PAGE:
US Open could move to Indian Wells in November

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The US Open could be moved from New York to Indian Wells and pushed back to November, United States Tennis Association executive director Michael Dowse has revealed.

The tennis grand slam is currently scheduled for August 31-September 13 at the Billie Jean King National Tennis Center in Queens, New York. It is also the next grand slam on the provisional tennis calendar following the postponement of the French Open and cancellation of Wimbledon.

The Indian Wells Tennis Garden in Palm Springs, California has a 16,100-capacity main court as well as a number of outside courts, and additional practice courts. It traditionally houses the BNP Paribas Open, a joint event of the ATP World Tour and the WTA Tour.

The move to Indian Wells could happen depending on a number of factors, including California lifting shelter-in-place orders ahead of New York state amid the global Covid-19 pandemic. Last month, the USTA said it would wait until June before deciding whether the US Open can go ahead as planned.

“Nothing is off the table,” Dowse told Inside Tennis magazine. “There’s too much speculation – we’ll know so much more in June. In reality it’s certainly possible to play without fans. No formal decision has been made about Indian Wells. Whatever we do, we’ll have to do it in alignment with the owners of Indian Wells, and the ATP and the WTA. These days the most energy is on social distancing.”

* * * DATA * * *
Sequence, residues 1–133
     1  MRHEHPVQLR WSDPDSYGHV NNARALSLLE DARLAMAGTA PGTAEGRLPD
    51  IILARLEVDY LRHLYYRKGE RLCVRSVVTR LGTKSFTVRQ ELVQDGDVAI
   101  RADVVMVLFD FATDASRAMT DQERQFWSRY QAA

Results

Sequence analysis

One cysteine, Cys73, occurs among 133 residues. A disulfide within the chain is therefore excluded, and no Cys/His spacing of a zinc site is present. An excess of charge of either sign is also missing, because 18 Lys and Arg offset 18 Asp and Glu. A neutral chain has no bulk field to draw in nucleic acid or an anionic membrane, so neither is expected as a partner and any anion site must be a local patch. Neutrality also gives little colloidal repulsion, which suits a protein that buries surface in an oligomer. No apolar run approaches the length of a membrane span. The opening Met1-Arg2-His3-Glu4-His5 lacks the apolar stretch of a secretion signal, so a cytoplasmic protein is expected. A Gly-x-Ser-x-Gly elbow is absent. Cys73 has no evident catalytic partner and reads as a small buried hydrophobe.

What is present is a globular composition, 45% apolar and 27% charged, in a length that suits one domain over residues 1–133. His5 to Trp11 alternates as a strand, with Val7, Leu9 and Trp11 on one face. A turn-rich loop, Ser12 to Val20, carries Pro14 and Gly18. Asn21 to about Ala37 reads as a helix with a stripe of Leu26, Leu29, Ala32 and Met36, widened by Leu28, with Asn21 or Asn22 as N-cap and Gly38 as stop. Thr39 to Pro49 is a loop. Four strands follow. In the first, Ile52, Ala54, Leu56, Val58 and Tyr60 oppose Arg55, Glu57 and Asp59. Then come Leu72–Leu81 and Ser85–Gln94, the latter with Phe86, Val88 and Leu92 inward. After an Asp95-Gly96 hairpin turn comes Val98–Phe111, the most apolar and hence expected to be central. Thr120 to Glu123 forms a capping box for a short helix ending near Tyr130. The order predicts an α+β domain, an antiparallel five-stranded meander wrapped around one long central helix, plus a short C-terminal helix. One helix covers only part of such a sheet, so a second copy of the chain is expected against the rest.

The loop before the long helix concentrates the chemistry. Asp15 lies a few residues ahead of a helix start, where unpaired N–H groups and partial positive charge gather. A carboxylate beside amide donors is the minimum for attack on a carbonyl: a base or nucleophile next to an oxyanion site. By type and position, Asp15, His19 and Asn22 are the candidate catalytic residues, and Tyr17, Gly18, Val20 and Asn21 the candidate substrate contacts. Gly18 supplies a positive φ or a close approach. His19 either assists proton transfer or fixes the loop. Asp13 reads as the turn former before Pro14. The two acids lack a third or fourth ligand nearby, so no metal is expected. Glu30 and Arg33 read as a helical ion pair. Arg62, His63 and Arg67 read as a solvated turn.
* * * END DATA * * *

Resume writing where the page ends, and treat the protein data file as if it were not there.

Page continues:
An indoor tennis facility at the Billie Jean King National Tennis Center is currently serving as a temporary hospital due to the medical crisis in New York.

Following Dowse’s comments, the USTA released a statement seeking to downplay speculation of the tournament shifting away from New York.

“Our plans to stage the U.S. Open on our scheduled dates at the USTA Billie Jean King Tennis Center in New York with fans, remain on-going,” the USTA statement said. “However, we recognize that we are all facing an uncertain and rapidly changing environment regarding the COVID-19 pandemic and…have been aggressively modeling many other contingencies, including scenarios with no fans.

“We would like to clarify that, while we are exploring every possibility around the U.S. Open, the potential to shift the event location or date is not at the forefront at this point in time,” the organization said.